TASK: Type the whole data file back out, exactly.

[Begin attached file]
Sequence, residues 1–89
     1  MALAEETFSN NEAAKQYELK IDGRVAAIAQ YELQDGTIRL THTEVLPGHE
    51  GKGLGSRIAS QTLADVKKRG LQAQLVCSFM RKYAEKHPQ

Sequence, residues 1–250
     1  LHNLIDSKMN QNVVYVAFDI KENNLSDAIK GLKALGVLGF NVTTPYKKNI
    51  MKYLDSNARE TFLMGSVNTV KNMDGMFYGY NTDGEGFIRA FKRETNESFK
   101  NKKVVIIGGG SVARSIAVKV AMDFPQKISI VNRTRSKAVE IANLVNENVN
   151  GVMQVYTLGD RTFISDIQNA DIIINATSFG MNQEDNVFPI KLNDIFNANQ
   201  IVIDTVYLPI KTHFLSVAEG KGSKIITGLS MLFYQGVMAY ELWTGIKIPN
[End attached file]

Sequence, residues 1–89
     1  MALAEETFSN NEAAKQYELK IDGRVAAIAQ YELQDGTIRL THTEVLPGHE
    51  GKGLGSRIAS QTLADVKKRG LQAQLVCSFM RKYAEKHPQ

Sequence, residues 1–250
     1  LHNLIDSKMN QNVVYVAFDI KENNLSDAIK GLKALGVLGF NVTTPYKKNI
    51  MKYLDSNARE TFLMGSVNTV KNMDGMFYGY NTDGEGFIRA FKRETNESFK
   101  NKKVVIIGGG SVARSIAVKV AMDFPQKISI VNRTRSKAVE IANLVNENVN
   151  GVMQVYTLGD RTFISDIQNA DIIINATSFG MNQEDNVFPI KLNDIFNANQ
   201  IVIDTVYLPI KTHFLSVAEG KGSKIITGLS MLFYQGVMAY ELWTGIKIPN